Storing Fresh Foods
Waste Less With These 8 Tips for Storing Fresh
By Steve Edwards
I asked the
waiter 'Is this milk fresh?'
He said, 'Lady, three hours ago it was
If you glance at news headlines, you've probably read "Americans
don't eat enough fruits and veggies" and how we should eat more fresh foods.
There's no better time to improve on this than during the summer, when we have
enough choices for even the pickiest of us to find something we like. One of
the main problems with fresh foods is their life span. You need to buy only
what you can eat right away, which doesn't always fit into our hectic
lifestyles. And while fruits and veggies are not expensive, they quickly become
so if you waste half of what you buy. Here are eight tips to help you stretch
every penny while improving your health.
- Plan ahead. Try and make a trip to the
market every five days. Most fruits and veggies will stay fresh and edible at
least this long. If you're on a schedule, you'll know you've got to eat all
you've purchased prior to the next trip, which is a pretty helpful tool for
staying on a healthy diet. If you're a once-a-week shopper, read on. We'll
provide some tips for squeezing a few more days out of your
your shopping. By shopping early or late in the day, when
temperatures are cooler, you can expand the life span of fresh foods. This is
particularly useful if you use your local farmers' marketwhich you
should, because these foods tend to be fresher, cheaper, and of better quality.
Getting to the market early gives you the pick of the litter and expands the
time the foods will stay fresh.
aren't just for beer. If your schedule demands midday
shopping, you can minimize its effects by keeping a cooler in your car. Keep an
ice pack in your freezer and remember to grab it before you head to the market
and toss it in the cooler. Sure, this makes it hard to hit the store on a whim
but it will force you to plan better, which has no downside. If you need
another reminder, shop with reusable bags. If you have two things to remember,
you'll lessen your odds of forgetting. Plus, some markets reward you for using
parts of the fridge are not created equal. Unfortunately,
all those cool compartments in the doors are not the most efficient way to
store most things. It's colder in the deep recesses, so store the most
sensitive items in the back. This is especially true for eggs because the
"special" egg slots are almost always in the door. Don't use them. Store your
eggs in their original carton in the deepest corner of the fridge. (Click here to
read more about eggs.) Separate your foods in the fridge, too. Fruits and
veggies should not touch one another. In fact, it's best if nothing is touching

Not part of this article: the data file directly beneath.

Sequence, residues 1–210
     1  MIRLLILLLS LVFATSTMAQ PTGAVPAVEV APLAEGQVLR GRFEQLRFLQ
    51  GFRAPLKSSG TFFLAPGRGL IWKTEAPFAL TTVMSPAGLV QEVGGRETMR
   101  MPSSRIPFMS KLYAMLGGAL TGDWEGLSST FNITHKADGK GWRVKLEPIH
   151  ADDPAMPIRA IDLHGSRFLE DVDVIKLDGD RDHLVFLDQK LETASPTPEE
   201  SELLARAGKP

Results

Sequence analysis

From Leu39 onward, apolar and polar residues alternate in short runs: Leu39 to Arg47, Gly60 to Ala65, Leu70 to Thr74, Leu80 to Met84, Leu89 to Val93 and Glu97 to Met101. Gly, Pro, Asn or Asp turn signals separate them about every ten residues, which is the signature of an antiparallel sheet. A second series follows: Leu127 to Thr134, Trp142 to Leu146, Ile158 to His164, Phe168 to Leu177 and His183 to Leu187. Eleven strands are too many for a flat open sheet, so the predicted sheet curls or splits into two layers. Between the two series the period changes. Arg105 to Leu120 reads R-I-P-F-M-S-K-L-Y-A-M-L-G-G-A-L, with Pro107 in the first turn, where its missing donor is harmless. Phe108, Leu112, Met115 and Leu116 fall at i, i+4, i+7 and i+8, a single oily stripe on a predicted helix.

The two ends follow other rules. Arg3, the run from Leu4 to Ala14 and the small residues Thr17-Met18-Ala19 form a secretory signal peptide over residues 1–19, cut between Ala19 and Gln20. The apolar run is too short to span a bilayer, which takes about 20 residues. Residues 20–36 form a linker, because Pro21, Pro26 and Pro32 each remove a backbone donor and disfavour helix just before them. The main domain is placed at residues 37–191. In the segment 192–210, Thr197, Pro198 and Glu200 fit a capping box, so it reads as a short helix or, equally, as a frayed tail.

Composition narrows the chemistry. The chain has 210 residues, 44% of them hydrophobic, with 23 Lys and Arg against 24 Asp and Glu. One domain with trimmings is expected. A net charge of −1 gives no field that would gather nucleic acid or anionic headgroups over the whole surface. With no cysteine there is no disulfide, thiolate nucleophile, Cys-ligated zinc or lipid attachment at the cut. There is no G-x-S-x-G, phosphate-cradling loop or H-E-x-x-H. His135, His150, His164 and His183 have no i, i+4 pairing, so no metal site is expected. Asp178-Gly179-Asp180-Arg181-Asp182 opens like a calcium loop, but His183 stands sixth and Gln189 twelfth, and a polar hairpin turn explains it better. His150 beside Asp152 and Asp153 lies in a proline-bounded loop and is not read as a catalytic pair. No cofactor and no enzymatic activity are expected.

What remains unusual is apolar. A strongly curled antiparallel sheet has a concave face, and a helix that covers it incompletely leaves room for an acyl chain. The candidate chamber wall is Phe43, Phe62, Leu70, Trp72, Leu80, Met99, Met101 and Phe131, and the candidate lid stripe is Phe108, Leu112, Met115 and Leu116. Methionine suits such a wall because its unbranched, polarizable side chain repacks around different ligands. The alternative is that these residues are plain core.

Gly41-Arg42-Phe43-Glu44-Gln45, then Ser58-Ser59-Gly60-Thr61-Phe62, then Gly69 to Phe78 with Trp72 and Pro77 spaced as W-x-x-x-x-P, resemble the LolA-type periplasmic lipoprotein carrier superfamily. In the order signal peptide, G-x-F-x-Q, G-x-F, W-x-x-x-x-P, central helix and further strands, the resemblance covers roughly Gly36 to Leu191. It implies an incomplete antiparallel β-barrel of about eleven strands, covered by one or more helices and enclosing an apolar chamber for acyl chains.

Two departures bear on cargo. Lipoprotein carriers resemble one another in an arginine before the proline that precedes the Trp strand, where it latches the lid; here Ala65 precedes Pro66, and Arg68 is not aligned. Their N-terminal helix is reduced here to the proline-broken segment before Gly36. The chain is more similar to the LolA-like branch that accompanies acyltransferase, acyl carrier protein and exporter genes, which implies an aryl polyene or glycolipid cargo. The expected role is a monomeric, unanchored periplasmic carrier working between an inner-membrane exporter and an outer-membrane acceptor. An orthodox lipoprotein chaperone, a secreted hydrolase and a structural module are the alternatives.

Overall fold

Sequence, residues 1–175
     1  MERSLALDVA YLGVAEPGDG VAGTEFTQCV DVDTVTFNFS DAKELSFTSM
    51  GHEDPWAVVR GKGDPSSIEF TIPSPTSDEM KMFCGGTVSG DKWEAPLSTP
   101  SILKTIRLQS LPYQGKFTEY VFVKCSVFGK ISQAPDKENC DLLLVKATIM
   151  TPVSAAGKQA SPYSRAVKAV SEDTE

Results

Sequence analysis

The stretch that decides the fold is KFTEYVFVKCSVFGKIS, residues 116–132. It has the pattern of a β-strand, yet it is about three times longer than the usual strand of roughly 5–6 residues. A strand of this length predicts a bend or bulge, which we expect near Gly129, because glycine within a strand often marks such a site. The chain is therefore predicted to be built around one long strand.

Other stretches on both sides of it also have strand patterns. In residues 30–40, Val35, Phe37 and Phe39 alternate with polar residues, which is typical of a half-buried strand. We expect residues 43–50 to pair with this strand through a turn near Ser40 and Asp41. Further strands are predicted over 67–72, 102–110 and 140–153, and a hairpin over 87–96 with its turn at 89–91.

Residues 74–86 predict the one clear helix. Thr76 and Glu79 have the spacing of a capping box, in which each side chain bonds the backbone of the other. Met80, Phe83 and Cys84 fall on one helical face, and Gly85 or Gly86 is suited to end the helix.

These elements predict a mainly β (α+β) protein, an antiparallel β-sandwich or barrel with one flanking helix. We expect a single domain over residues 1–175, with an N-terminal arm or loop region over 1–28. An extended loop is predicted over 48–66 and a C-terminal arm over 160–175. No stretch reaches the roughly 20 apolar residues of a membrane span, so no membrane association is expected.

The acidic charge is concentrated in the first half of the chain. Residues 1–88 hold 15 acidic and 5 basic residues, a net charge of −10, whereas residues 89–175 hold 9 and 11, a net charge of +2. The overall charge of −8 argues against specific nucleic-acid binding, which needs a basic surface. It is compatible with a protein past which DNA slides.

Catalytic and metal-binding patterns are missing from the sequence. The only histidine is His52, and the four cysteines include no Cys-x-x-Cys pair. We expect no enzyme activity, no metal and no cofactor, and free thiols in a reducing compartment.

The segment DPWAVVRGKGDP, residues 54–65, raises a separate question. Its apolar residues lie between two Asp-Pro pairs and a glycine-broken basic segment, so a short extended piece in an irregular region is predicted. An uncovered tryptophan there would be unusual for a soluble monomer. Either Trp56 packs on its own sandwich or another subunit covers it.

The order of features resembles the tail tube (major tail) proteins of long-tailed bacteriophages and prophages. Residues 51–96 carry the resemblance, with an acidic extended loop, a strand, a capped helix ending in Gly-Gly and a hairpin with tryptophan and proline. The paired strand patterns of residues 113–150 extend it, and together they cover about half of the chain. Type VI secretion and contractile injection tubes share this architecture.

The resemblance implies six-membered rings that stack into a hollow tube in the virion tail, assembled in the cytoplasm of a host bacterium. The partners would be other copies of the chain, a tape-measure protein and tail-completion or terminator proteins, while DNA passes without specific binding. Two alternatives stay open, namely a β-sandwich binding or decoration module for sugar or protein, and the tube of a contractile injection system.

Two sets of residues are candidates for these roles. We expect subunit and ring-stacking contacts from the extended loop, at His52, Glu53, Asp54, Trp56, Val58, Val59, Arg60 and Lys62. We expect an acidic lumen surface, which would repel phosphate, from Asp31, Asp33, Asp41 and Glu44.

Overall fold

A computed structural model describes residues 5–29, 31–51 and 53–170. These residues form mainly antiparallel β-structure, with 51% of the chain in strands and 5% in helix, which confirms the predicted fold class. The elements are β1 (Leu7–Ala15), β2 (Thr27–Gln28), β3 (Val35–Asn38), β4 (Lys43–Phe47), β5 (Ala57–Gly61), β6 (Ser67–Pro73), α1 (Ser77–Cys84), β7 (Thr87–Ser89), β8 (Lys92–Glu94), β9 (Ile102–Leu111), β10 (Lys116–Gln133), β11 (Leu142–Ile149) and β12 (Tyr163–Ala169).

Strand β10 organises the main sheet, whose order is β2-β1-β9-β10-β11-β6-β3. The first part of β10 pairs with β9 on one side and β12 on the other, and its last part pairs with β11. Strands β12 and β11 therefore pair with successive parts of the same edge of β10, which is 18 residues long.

each other. But fruits and veggies should be stored in different drawers
because fruits emit ethylene, which causes veggies to rot
your food. Some foods do better if you prepare them,
others not, but taking a few minutes when you get home to organize your
groceries will help you get the most for your money. Think of it as a coupon
you don't have to remember to bring to the store.
Most plants are better left in the state you bought them until
ready to use, but there are some exceptions. Salad greens, for one, should be
prepped prior to storage. Wash thempreferably in salt waterand then spin them
dry in a salad spinner. Then separate the leaves with paper towels and store in
zip-lock bags. This can keep your greens fresh for up to a week.
as well, benefit from some prep work. For leafy herbs, unbind them and separate
and toss anything soft or discolored. Then place them in a glass jar, stems
down in water, as if you were arranging flowers. Then cover loosely with a
Buy cut fruits and vegetables only when ready for use. Cutting
produce too far in advance exposes it to air-accelerating bacterial
- To wash or not to wash? Contrary to what
your market does for aesthetics, don't wash most fruits and veggies prior to
storage. And if they are wet from the market, dry them off and then store them
in your crisper drawer between layers of paper towels. This will keep them
fresh for up to 10 days. If you leave them wet, they'll mildew in less than
half that time.
- What to
leave out of the fridge. Some items do better at room
temperature. Potatoes are one. Tomatoes are another, though this is debated.
What isn't debated is that you should store them stem down no matter where you
put them. Most fruits should be taken out of the fridge a day or two prior to
eating them, since they are generally sold just short of ripe and they ripen
more quickly at room temperature.
- Containment. Science is your friend when it
comes to maximizing the life of fresh foods. Here are a few examples. Glass
stores dairy better than the cartons they come in. Transferring your milk to
glass containers will both improve its taste and double its life span. The same
goes for cheese. And we've vastly improved upon the traditional Tupperware and
Saran Wrap storing methods. New storage bags and plastic containers extend life
by allowing produce to breathe. Some are even designed to absorb ethylene
gases. There are also other devices that you can place in the fridge to absorb
ethylene. Taking a few minutes at the market to study the latest technology can
make it easier than ever to maximize your food's potential.